Immature stages of Blepharotes (Diptera: Asilidae), one of the world's largest assassin flies: multi-function mandibles and soil-drilling pupal spines and spurs

David J. Ferguson*, Xuankun Li, David K. Yeates

*Corresponding author for this work

    Research output: Contribution to journalArticlepeer-review

    1 Citation (Scopus)


    Assassin or robber flies belong to the family Asilidae, one of the most diverse fly families, with over 7400 described species worldwide. Adults are predators on mostly smaller insects which they catch on the wing; larvae are predators on soft bodied arthropods in the soil or rotting wood, usually beetle (Coleoptera) larvae, often curl or white grubs (Scarabaeidae). Predation by larval and adult Asilidae puts downward pressure on populations of their prey above and below ground. Because asilid larvae are cryptic, the immature stages of few species have been described, thus hampering our ability to identify larvae. We describe and illustrate the late instar larva and pupa of one of Australia's largest and most impressive asilid species, Blepharotes splendidissimus (Wiedemann) (Asilinae: Apocleini). Taxonomically useful variation in asilid larvae so far described occurs in the head and its appendages. We have examined the fine detail of the larval head capsule and mouthparts using scanning electron microscopy (SEM) for the first time in Asilidae. The larva and pupa of B. splendidissimus are similar to other Asilidae but larger and more robust. The larva has a broad maxillae and long narrow mandibular hooks with an acute tip armed with a row of recurved spines. Our SEM studies detail the grooves on the inner surface of the mandible that form a feeding channel when the mandibles are appressed. Thus, the mandibular hooks are the insect equivalent of a Swiss army knife, with at least four functions: to pierce the prey, hold the prey, inject venom and extract nutrients from the prey. Asilid pupae have a well-developed armature on the head, thorax and abdominal tergites, for drilling up out of the soil on adult eclosion. The pupa has distinct anterior and posterior antennal spinous processes and anterior and posterior mesothoracic spinous processes, and the tip of the abdomen has large, dorsally curved dorsal posterolateral processes and very small ventral posterolateral spinous processes. All the dorsal armature on the pupal abdominal segments are articulated spurs, rather than a mixture of fixed spines and spurs, as found in many asilid pupae.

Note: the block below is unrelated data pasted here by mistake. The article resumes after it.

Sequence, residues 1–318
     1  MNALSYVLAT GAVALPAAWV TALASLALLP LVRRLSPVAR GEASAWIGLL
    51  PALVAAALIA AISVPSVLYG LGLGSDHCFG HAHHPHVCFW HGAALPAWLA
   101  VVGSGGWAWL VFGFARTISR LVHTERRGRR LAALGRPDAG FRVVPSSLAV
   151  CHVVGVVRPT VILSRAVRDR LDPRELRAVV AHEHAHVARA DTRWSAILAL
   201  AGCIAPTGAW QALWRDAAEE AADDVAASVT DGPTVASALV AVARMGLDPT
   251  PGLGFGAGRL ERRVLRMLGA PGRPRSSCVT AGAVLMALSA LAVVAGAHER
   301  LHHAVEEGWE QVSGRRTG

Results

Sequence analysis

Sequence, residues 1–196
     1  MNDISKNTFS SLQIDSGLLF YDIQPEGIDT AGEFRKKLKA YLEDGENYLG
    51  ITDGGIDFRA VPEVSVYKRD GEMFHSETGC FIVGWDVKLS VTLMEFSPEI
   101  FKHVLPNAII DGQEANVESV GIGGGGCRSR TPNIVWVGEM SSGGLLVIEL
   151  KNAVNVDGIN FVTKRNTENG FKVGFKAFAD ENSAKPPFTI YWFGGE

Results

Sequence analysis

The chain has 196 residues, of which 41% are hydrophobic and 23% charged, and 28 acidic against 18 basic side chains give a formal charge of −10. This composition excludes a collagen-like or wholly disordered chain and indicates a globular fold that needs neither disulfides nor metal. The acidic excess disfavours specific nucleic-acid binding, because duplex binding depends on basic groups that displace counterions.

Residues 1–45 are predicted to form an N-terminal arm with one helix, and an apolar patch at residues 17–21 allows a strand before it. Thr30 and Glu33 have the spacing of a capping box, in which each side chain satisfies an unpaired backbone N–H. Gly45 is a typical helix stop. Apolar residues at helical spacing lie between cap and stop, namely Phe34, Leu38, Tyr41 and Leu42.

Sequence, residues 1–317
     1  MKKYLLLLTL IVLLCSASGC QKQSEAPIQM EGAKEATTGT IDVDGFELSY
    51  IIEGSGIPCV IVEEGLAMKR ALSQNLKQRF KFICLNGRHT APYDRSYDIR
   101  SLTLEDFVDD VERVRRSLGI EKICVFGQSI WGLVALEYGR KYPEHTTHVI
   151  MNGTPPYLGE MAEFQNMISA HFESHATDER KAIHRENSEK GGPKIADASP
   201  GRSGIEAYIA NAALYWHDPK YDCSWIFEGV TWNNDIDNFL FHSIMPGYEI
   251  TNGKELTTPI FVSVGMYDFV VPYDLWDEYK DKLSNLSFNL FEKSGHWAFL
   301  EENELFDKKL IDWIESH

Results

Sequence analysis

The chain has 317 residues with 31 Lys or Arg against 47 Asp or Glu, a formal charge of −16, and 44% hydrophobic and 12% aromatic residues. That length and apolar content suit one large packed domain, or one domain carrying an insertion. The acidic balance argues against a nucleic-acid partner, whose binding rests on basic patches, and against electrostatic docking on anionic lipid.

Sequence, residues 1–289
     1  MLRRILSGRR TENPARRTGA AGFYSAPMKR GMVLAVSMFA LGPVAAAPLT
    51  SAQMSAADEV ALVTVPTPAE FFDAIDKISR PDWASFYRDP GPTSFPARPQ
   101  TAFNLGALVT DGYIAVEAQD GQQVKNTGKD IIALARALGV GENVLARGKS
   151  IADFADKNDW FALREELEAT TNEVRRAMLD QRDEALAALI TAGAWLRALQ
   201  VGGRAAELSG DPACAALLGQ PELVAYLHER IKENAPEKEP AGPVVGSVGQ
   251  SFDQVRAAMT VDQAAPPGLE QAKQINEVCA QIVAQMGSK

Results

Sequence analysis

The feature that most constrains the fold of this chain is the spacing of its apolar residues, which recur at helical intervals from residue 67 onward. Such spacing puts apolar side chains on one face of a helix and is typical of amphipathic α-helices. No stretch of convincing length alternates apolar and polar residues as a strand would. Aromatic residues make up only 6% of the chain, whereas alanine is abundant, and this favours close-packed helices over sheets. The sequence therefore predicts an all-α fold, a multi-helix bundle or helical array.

Original languageEnglish
    Pages (from-to)614-621
    Number of pages8
    JournalAustral Entomology
    Issue number3
    Publication statusPublished - 2019


    Dive into the research topics of 'Immature stages of Blepharotes (Diptera: Asilidae), one of the world's largest assassin flies: multi-function mandibles and soil-drilling pupal spines and spurs'. Together they form a unique fingerprint.

    Cite this